Fedbatch Culture
Yoshida et al. (1973) introduced the term fedbatch culture to describe batch cultures which are fed continuously, or sequentially, with medium, without the removal of culture fluid. A fedbatch culture is established initially in batch mode and is then fed according to one of the following feed strategies:
(i) The same medium used to establish the batch culture is added, resulting in an increase in volume.
(ii) A solution of the limiting substrate at the same concentration as that in the initial medium is added, resulting in an increase in volume.
(iii) A concentrated solution of the limiting substrate is added at a rate less than in (i) and (ii), resulting in an increase in volume.
(iv) A very concentrated solution of the limiting substrate is added at a rate less than in (i), (ii) and (iii), resulting in an insignificant increase in volume.
Fedbatch systems employing strategies (i) and (ii) are described as variable volume, whereas a system employing strategy (iv) is described as fixed volume. The use of strategy (iii) gives a culture intermediate between the two extremes of variable and fixed volume.
The kinetics of the two basic types of fedbatch culture, variable volume and fixed volume, will now be described.
Variable volume fedbatch culture
The kinetics of variable volume fedbatch culture have been developed by Dunn and Mor (1975) and Pirt (1974, 1975, 1979). The following account is based on that of Pirt (1975). Consider a batch culture in which growth is limited by the concentration of one substrate; the biomass at any point in time will be described by the equation:
where xt is the biomass concentration after time, t hours, and x0 is the inoculum concentration. The final biomass concentration produced when 5 = 0 may be described as xmax and, provided that x0 is small compared with xraax:
YSR
If, at the time when x = xmax, a medium feed is started such that the dilution rate is less than /imax, virtually all the substrate will be consumed as fast as it enters the culture, thus:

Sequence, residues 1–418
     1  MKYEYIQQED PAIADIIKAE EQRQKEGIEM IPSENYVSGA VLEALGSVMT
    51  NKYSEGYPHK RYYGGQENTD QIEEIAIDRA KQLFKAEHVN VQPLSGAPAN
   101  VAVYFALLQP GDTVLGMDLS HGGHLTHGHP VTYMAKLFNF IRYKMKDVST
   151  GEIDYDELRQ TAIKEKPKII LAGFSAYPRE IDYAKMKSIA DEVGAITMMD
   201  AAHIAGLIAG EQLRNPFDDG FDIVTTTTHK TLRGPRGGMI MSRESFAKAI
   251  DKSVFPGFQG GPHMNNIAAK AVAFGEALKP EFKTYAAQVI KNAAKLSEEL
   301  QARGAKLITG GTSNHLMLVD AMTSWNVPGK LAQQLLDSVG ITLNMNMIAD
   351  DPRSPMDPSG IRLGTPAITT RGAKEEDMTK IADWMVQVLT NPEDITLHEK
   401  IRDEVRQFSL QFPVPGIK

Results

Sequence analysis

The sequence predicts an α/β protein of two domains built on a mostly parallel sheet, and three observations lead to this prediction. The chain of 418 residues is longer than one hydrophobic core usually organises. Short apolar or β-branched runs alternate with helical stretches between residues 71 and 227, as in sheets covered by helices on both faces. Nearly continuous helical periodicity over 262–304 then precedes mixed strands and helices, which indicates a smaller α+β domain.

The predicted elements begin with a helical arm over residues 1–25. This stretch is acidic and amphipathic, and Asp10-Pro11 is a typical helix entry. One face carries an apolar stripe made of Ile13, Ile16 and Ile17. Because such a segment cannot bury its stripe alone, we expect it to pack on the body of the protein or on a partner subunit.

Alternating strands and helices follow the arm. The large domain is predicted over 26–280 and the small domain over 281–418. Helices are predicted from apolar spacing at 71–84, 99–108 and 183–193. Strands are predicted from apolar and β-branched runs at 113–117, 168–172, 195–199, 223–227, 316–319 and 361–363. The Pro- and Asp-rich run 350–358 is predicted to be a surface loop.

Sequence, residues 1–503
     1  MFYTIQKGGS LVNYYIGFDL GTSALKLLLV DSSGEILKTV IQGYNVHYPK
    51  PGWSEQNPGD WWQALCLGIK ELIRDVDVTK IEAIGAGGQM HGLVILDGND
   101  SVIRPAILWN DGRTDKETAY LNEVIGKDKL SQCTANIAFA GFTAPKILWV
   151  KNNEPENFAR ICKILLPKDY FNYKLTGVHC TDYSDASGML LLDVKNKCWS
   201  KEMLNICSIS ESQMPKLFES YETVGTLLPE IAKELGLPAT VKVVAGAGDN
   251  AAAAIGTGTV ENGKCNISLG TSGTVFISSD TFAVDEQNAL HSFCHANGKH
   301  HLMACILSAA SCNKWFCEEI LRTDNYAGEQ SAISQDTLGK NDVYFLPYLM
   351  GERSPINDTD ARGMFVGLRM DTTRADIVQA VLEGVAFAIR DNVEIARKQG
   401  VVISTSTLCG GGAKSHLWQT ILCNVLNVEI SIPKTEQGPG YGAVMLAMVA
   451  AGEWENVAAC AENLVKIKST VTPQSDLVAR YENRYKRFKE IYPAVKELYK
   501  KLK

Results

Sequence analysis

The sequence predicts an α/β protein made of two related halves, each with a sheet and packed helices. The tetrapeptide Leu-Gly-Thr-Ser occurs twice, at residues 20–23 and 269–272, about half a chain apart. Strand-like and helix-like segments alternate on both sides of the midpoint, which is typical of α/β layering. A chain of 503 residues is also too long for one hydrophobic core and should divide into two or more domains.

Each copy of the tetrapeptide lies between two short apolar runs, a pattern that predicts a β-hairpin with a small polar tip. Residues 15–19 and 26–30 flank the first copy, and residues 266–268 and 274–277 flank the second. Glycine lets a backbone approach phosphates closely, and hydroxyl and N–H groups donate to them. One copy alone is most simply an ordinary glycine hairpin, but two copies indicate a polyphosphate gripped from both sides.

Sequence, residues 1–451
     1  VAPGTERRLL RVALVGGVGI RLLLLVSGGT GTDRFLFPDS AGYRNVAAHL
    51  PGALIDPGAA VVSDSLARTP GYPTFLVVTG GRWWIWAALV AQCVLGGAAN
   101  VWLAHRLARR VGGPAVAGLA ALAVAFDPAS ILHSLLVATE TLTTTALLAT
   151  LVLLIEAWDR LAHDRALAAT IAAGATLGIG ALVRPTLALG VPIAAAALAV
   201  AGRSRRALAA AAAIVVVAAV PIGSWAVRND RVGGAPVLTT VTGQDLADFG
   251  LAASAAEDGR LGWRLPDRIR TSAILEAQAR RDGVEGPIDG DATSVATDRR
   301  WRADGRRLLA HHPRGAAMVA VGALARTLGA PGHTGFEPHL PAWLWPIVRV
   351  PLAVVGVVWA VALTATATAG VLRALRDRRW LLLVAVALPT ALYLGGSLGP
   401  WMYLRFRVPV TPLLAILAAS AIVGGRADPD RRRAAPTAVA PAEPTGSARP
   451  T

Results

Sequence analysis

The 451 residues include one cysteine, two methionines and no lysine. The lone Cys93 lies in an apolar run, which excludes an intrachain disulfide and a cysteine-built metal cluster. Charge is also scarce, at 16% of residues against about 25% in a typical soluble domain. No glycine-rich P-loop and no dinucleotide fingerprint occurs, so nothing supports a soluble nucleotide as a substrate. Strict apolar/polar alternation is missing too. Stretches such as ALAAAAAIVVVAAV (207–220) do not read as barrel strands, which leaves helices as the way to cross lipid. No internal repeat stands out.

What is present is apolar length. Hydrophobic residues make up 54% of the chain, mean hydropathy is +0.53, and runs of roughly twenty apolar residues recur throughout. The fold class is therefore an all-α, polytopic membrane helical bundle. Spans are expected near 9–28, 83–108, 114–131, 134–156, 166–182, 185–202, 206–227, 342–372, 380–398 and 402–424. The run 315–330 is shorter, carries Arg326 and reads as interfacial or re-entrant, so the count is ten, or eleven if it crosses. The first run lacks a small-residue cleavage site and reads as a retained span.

where F is the flow rate of the medium feed, and X is the total biomass in the culture, described by X = xV, where V is the volume of the culture medium in the vessel at time t.
From equation (2.32) it may be concluded that input of substrate is equalled by consumption of substrate by the cells. Thus, (ds/dt) = 0. Although the total biomass in the culture (X) increases with time, cell concentration (x) remains virtually constant, that is {dx/dt) ~ 0 and therefore u — D. This situation is termed a quasi steady state. As time progresses the dilution rate will decrease as the volume increases and D will be given the expression:
where F0 is the original volume. Thus, according to Monod kinetics, residual substrate should decrease as D decreases resulting in an increase in the cell concentration. However, over most of the range of /x which will operate in fedbatch culture, SR will be much larger than Ks so that, for all practical purposes, the change in residual substrate concentration would be extremely small and may be considered as zero. Thus, provided that D is less than /xirrav and Ks is much smaller than SR, a quasi steady state may be achieved. The quasi steady state is illustrated in Fig. 2.13a. The major difference between the steady state of a chemostat and the quasi steady state of a fedbatch culture is that ¡jl is constant in the chemostat but decreases in the fedbatch.